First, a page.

I love my aprons and all they represent and have a large collection: some new but vintage in style, some old and collectible, some soon to be made out of fun material I have found recently. Aprons are affordable works of art, iconic bits of our domestic past, usually one-of-a-kind, and much has been written about them, especially by apron guru EllynAnne Geisel, who wrote The Apron Book. [My friend Linda gave me this book for my birthday.] The best kind of apron has pockets and is large enough to wrap around and cover you. There is something "Wonder Womanish" about an apron. I always feel empowered, in domestic mode, able to multi-task and focus in a single bound (in fact, I'm wearing one now). My Mennonite women friends don't leave home without them and wear them as part of their dress. There is an assured confidence in their step as they wear their domestic armor and take great pride in their domestic abilities ("not that there is anything wrong with that..."). Of course, men have worn them throughout history, too (think blacksmiths and other artisans, cooks, waiters).
After we dropped off the donuts, we decided to do our shopping for the "frolic" that we're having at our house on Friday. [More on that later but it is a gathering of people for a barn-raising, in our case "shop raising," and the women in the community all cook for them: ours is a modified version.] So we headed to Somerset, the nearest "big shopping" town, and to the ubiquitous Walmart Super Center. I bought a big water cooler, a coffee urn and groceries.
As it was warm I left my cape in the car. I was half-way in the door when I realized I still had my apron on. Never mind, I thought. This will be fun. Besides, it miraculously coordinated with my skirt and shirt and those large pockets are so handy. And Anna was in her apron as she always is, except for church dress. [Anna and the women in her Mennonite community wear calico patterned aprons and dresses which are more varied than their plainer Amish counterparts.]
What unfolded was an experiment in contemporary life. I got a few strange looks and one woman asked me if I worked there and did I know where the ladies' socks were? "No, but I'll bet one of those people running around in a blue polo shirt and Walmart badge could help you." She seemed shocked that I was not an employee, despite my floral-designed apron. People really didn't seem to know what to make of me. Rather than the Mennonite bonnet I was wearing one of my usual bandanna headbands and German felt clogs. I then heard a guy in cosmetics whisper to his wife "There are a lot of Mennonites here today..." He was probably also questioning why I was browsing in the Valentine card section.
The highlight of the day came on the way home at Kroger. A man came up to me, tall and elderly and well put together. "I love your apron--I have one at home, well, it's white of course, but I wear it all the time. You look like you mean business both as a cook and a shopper." I offered that I'd forgotten to take it off earlier. "Oh no, it looks great!" Well, that just tickled me.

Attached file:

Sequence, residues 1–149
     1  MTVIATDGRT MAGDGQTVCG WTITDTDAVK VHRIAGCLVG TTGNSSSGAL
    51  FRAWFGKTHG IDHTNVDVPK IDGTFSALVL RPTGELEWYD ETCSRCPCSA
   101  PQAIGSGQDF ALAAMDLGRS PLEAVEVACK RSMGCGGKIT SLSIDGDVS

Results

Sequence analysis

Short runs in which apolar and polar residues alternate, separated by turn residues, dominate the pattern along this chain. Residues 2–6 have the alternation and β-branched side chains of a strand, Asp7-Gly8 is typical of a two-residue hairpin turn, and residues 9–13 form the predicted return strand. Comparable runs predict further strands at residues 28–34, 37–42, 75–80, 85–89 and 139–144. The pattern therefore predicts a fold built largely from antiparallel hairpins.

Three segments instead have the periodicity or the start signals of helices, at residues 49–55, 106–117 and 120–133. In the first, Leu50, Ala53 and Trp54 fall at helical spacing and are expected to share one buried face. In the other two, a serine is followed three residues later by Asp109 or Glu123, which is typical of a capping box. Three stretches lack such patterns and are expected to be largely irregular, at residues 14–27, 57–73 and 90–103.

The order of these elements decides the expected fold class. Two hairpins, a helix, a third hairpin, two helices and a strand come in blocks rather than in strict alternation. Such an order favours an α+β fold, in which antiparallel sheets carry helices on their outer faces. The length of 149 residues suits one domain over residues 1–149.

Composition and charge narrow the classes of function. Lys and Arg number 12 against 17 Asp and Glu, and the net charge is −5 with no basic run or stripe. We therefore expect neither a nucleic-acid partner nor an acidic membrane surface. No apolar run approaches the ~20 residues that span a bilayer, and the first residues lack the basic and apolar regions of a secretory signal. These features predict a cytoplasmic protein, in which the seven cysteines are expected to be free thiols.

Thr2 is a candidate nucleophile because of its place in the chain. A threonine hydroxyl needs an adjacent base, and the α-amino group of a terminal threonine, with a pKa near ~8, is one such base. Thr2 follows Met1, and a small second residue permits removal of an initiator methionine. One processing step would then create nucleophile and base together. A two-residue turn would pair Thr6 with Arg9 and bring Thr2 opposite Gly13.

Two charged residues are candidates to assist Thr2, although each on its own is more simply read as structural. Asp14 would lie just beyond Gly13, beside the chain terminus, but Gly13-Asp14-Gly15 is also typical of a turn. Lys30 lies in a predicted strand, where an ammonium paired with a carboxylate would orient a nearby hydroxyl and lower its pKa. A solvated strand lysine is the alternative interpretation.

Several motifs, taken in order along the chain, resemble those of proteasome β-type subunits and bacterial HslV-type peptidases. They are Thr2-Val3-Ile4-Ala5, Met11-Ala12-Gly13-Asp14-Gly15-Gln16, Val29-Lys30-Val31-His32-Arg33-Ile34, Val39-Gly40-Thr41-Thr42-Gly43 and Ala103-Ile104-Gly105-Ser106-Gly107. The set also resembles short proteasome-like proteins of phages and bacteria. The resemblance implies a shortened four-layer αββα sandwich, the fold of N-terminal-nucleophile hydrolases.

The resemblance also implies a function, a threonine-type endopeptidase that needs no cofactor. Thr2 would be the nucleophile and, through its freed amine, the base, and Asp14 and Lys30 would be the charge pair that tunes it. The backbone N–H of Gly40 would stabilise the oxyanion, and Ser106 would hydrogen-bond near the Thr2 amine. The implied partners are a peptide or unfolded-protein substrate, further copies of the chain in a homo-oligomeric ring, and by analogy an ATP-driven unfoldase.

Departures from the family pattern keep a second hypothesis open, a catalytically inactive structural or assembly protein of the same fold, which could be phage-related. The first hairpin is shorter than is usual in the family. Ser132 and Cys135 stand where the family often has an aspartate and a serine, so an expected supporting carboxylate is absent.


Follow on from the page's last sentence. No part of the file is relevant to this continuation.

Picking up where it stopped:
Then I came home to this blurb in the Farm Show newspaper on "The History of Aprons" [written, or compiled, by Mark Newhall, editor and publisher in his "Editor's Notebook" (vol. 33, no. 1)]. Well, it really spoke to me about why we love them so, as much for their nostalgic associations as for their practicality -- Yikes, I just found a slightly different tweaking of this copy at Itz Sew Lucy so who knows where the origin of the copy comes from! It is all over the Internet, unattributed. Old Anon, perhaps?]:
Do your kids know what an apron is? I'm not sure mine do because my wife never uses one. But her grandma did. The principal use, of course, was to protect the dress underneath, but, along with that, it served as a potholder for removing hot pans from the oven. It was also wonderful for drying children's tears, and on occasion was even used for cleaning out dirty ears. From the chicken coop, the apron was used for carrying eggs. When company came, those aprons were ideal hiding places for shy kids. And when the weather was cold, grandma wrapped it around her arms. Chips and kindling wood were brought into the kitchen in that apron. From the garden, it carried all sorts of vegetables. After the peas had been shelled, it carried out the hulls. When unexpected company drove up the road, it was surprising how much furniture that old apron could dust in a matter of seconds. And when dinner was ready, it served as a flag to call the men in from the fields to dinner. It will be a long time before someone invents something that will replace that old-time apron that served so many purposes.[They forgot to mention pockets for clothespins and tissues, two of my favorite uses.] I had a good chuckle because not only did a man write about an apron, or at least include a blurb in his column, but a man paid me such a kind apron-related compliment at the store, and then my husband passed me the above article while we were reading last night (do you think that Farm Show is on my side of the bed? On second glance, all aprons aside, it will likely be on occasion now...and I don't even have space to talk about the "Goosemobile").
[NOTE: The lovely vintage image at top is from the Itz Sew Lucy website -- trying to find original source of that, too. But can you beat that? A bib-aproned clad woman in what appears to be an early 20th century pantry space or well-appointed period kitchen. Be still my heart! Also, the black and white image of "Grandma Love" from Coalgate, Oklahoma is from a collection of original photographs I purchased on eBay a few years ago. While I did not take the image, it belongs to me, so please use only with permission or credit "Grandma Love, Coalgate, Oklahoma." ]